The communication obstacles or barriers in communication process which contribute to its failure are as follows:
Semantic Barriers in Communication Obstacles
These communication obstacles arise from the linguistic capacity of the parties involved. The following are some common forms of semantic barriers: 1. Badly expressed message: Lack of clarity and precision in a message makes it badly expressed. Poorly chosen, empty words and phrases, careless omission, lack of coherence, the bad organization of ideas, awkward sentence structure, inadequate vocabulary, repetition, jargon, failure to realize the implication are some common faults found in this case. 2. Faulty translations: Every manager receives various types of communications from superiors, peers, subordinates and he must translate information destined for subordinates, peers, and superiors into language suitable to each. Hence the message has to be put into words appropriate to the framework in which the receiver operates, or it must be accompanied by an interpretation which will be understood by the receiver. 3. Unclarified assumptions: There are certain uncommunicated assumptions which underlie practically all messages. Though a message appears to be specific, its underlying assumptions may not be clear to the receiver. 4. Specialist’s language: It is often found that technical personnel and special groups tend to develop a special, peculiar and technical language of their own. This increases their isolation from others and builds a communication barrier.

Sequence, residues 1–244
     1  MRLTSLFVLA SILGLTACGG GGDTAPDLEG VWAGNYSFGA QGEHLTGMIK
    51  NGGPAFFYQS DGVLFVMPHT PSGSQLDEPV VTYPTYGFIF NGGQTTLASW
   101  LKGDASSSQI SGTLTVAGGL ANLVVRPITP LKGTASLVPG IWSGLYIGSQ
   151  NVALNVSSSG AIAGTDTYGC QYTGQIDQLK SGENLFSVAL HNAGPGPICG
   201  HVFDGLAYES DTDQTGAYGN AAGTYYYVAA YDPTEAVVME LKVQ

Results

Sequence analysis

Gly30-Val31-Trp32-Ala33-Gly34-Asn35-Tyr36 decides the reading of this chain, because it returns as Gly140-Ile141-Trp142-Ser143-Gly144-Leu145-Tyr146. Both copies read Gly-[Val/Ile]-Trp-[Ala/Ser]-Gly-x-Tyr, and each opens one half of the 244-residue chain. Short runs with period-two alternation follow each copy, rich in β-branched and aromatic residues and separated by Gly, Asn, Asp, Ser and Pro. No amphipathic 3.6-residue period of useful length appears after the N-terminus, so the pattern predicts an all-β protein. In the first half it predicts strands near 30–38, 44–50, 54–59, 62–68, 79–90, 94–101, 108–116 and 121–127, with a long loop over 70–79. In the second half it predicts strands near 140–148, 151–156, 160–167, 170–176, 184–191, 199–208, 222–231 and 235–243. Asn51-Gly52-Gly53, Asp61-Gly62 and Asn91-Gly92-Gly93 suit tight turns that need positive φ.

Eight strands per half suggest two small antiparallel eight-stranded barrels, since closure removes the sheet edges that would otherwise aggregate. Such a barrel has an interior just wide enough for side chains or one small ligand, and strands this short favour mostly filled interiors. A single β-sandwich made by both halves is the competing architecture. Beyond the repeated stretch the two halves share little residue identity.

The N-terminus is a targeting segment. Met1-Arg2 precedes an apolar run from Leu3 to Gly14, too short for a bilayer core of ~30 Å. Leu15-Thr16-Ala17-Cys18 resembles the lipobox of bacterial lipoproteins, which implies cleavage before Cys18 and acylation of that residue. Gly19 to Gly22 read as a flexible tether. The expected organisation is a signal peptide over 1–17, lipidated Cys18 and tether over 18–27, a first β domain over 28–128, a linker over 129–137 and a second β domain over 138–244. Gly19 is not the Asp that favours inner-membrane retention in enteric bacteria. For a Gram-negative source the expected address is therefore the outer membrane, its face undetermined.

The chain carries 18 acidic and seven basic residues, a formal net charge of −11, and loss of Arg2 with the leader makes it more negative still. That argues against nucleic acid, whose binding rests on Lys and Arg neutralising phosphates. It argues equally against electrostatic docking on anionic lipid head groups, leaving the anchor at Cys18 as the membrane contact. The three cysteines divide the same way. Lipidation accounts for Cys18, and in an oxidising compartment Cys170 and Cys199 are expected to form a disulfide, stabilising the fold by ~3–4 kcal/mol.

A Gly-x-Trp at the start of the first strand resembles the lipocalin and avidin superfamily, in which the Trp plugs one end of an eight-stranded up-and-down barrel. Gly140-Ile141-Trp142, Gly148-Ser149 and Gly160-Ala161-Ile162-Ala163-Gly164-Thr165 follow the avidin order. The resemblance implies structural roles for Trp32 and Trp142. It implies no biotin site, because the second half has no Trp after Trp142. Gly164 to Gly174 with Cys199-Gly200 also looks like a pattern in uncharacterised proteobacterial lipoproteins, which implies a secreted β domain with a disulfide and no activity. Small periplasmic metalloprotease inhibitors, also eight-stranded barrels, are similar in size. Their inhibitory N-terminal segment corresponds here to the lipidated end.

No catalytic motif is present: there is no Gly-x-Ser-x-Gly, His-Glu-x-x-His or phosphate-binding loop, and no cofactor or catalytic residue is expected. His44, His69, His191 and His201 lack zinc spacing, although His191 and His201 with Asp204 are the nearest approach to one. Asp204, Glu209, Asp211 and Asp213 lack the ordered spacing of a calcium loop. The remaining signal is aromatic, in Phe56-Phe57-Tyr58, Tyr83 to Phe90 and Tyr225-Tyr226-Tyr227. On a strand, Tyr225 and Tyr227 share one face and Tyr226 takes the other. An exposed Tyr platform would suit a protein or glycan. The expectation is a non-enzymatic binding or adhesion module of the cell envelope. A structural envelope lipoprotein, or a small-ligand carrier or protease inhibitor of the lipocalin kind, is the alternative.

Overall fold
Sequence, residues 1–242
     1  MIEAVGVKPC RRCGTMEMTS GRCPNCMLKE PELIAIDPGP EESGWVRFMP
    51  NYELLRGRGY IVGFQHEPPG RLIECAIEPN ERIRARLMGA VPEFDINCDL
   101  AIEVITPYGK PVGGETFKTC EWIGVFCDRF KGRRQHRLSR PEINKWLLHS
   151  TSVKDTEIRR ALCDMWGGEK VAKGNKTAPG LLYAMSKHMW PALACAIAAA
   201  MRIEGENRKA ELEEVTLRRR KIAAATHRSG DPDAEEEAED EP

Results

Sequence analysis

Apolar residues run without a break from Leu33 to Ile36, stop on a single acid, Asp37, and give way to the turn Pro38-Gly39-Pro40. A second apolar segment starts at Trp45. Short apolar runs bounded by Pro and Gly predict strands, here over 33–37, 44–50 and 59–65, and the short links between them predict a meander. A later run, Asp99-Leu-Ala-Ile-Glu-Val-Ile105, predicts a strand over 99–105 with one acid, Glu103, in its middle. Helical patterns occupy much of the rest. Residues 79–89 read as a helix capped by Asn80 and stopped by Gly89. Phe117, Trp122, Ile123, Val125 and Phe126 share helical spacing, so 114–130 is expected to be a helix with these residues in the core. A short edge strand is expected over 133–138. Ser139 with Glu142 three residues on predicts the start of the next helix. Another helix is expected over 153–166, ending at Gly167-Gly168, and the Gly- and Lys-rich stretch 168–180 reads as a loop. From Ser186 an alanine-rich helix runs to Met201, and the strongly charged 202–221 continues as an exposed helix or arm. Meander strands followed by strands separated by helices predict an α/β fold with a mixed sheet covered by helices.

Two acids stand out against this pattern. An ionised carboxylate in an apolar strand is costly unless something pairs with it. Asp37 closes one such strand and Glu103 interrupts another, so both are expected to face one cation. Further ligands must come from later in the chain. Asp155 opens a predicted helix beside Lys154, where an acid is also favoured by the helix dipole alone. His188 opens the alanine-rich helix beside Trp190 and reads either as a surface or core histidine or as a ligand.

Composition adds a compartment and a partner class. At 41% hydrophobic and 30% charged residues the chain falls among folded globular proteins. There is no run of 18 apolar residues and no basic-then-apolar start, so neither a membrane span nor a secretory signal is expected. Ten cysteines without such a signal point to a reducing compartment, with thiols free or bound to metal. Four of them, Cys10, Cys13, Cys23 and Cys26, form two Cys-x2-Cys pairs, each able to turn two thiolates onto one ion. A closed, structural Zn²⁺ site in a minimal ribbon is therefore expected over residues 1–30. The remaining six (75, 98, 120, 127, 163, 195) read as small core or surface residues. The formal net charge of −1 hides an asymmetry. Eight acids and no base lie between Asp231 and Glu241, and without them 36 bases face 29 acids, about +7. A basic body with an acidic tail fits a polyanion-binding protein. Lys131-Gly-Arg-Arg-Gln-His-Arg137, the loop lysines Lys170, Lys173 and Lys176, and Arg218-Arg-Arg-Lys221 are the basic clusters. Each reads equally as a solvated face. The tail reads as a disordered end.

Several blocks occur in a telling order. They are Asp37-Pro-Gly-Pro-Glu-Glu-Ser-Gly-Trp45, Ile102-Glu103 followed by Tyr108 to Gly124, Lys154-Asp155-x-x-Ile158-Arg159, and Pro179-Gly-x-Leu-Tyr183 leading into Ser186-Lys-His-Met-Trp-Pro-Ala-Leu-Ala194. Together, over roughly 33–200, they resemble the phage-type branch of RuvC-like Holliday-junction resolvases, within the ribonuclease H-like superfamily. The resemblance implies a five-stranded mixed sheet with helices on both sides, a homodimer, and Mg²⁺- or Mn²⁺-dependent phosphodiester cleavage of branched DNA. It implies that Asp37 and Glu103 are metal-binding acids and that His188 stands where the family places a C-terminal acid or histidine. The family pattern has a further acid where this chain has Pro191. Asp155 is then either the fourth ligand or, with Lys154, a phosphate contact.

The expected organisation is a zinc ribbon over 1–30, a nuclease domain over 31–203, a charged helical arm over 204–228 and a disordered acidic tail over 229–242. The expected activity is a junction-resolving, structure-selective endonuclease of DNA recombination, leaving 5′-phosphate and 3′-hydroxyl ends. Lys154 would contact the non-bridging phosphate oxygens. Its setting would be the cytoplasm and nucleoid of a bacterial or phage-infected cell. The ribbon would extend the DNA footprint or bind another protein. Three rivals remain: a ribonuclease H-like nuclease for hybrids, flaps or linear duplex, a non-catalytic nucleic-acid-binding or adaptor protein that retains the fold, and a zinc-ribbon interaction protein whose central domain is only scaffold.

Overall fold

Emotional or Psychological Barriers in Communication Obstacles
Emotional or psychological factors are the prime communication obstacles and inter-depends upon the emotional or psychological status of both the parties involved.